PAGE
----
1973 UIM World Championship
Silent Seafair Thunder
It’s a bird, it’s a plane! No, it’s, it’s Super-boat! Where? Why where else, on the course for the Seafair Unlimited Hydroplane Trophy Race. You may not see a big red S on its side, but you can tell it by its number. It is, and mark this well, the U-95.
Actually nobody yet really knows what exactly to expect from the worlds newest entry in the field of unlimited hydro racing. But it is expected by many, this writer included, that the U-95 will perform some amazing feats, possibly as soon as the Seafair races.
The U-95 is the first turbine-powered unlimited in the world. Should it prove as successful as expected, it certainly won’t be the last.
The U-95 is in reality an intermix of aerospace technology, hydrodynamics and aerodynamics never before used in any form of boat racing.
The hull was designed by Ron Jones, whose last effort was the Pride of Pay n Pak, the heartbreak kid of this year’s Gold Cup. At first glance the U-95 may look like other "pickle-fork" designs. Look again. U-95’s placement of the midships cockpit is different, as is the engine-well size and placement. Jones says it’s his first truly rear-engined unlimited. In addition, the controllable rudder and horizontal stabilizer in the tail section depart from conventional designs. The afterplane is a lot longer and the sponsons are shorter. The leading edge of the boat in the pickle-fork area is much farther toward the rear than in any other picklefork designs. Even the term pickle-fork is not accurate for U-95. Instead the crew has dubbed it "The Flying Wing." Further, U-95 has provisions for the spoilers, meaning a capability similar to but not the same as air brakes or flaps. This, too, is a first for the Thunderboats.
To most fans, however, the hull and other innovations of U-95 are purely of secondary interest compared to its powerplant. U-95 marks the entry of turbine power in unlimited racing. U-95 is powered by two Lycoming T-53 engines. They weight 500 pounds each and each generates 1,700 horsepower, burning kerosene.
Why turbines? According to Jim Clapp, owner of the U-95, "The turbine engine is the engine of the future. It is almost trouble free has far fewer moving parts than piston engines, will operate in any position and under any atmospheric conditions, uses cheap, plentiful fuel and is virtually pollution-free. Carl Kiekaefer of Mercury Outboard Motor fame, proved his turbine engine in ocean racing so well he was ruled out of using them in that sport. Any Granatelli proved his turbine engine at Indianapolis and so frightened lesser men that he, too, was ruled out of using them another turbine in his cars. The unlimiteds are thrilling to watch, but their technical aspects and use of World War II engines never turned me on. Hull designs have changed little in 23 years. They are committed to engines which were new 28 years ago! That’s more than a generation! They are locked into re-building not only these old engines, but the same mechanical supportive systems that keep them running!"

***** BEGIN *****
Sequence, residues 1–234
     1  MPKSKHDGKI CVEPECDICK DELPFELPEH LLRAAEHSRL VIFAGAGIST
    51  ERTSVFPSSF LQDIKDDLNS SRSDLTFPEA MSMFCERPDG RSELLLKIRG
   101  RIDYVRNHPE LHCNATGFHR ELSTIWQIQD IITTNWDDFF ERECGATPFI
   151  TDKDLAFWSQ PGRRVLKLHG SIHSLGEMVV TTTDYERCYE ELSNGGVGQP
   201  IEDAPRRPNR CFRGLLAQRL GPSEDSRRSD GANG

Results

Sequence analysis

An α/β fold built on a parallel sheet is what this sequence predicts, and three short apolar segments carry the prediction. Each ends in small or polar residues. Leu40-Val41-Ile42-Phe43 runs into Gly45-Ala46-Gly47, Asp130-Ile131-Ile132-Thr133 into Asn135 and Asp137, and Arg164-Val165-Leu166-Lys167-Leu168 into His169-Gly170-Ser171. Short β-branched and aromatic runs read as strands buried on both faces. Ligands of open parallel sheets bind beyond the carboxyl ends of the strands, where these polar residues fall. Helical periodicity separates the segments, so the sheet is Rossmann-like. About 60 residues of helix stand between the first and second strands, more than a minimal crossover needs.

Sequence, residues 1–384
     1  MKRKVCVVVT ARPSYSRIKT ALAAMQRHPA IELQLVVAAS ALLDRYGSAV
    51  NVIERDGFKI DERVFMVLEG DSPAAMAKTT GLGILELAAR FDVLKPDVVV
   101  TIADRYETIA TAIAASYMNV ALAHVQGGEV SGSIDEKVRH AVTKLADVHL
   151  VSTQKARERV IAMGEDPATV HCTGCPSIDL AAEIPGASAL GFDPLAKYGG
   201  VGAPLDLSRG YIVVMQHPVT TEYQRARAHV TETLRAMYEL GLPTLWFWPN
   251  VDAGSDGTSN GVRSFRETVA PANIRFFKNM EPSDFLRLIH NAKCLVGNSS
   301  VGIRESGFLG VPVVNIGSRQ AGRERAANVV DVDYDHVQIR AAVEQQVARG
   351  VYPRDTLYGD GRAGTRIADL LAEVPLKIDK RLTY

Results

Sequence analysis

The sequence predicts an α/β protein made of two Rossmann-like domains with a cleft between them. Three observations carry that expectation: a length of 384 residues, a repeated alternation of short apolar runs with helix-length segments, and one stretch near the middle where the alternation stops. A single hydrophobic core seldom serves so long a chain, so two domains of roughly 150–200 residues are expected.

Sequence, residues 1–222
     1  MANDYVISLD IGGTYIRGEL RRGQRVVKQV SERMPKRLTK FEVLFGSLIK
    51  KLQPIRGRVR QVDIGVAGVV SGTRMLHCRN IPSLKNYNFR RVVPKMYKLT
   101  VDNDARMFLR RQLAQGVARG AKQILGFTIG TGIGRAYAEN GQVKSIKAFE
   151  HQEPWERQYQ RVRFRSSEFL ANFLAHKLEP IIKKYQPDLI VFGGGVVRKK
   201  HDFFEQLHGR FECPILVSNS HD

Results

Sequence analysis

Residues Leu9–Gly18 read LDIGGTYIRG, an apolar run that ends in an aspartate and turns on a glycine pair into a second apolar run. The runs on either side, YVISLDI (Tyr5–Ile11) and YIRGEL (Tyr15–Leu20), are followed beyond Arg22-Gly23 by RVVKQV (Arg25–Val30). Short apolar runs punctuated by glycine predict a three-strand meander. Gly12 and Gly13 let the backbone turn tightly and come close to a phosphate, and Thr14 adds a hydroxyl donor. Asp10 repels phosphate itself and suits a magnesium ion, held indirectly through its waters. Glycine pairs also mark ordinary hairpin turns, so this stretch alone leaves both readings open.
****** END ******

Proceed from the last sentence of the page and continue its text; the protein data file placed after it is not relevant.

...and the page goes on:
James J. (Jim) Clapp, 42, owner of the U-95, was born in Tacoma and now lives in Bellevue. He is already established as a sportsman of note. Neither is he any stranger to racing. Racing under SCCA rules in class C & D (production) he won top honors in class for the northwest region in 1954,1955, and 1956 before his auto speed competetiveness was satisfied.
However, it is his love for boating which was ultimately to give birth to the U-95. The ideas came from his pleasure yacht, "Nothing More." She is 58 feet loa, with a 17 foot beam, powered by twin-turbines, and with a crusing speed of 30 knots. The "Nothing More" is the largest, fastest, twin-turbined powered pleasure yacht in, the nation (some say in the world.) Jim’s experience with this craft convinced him of the feasibility of turbine power for unlimited racing.
After several discussions with the Unlimited Commission, the U-95 crew acquired an unprecedented waiver of rules plus a three-year time period in which to affirm the design concept and. race whenever and wherever the craft was ready and able.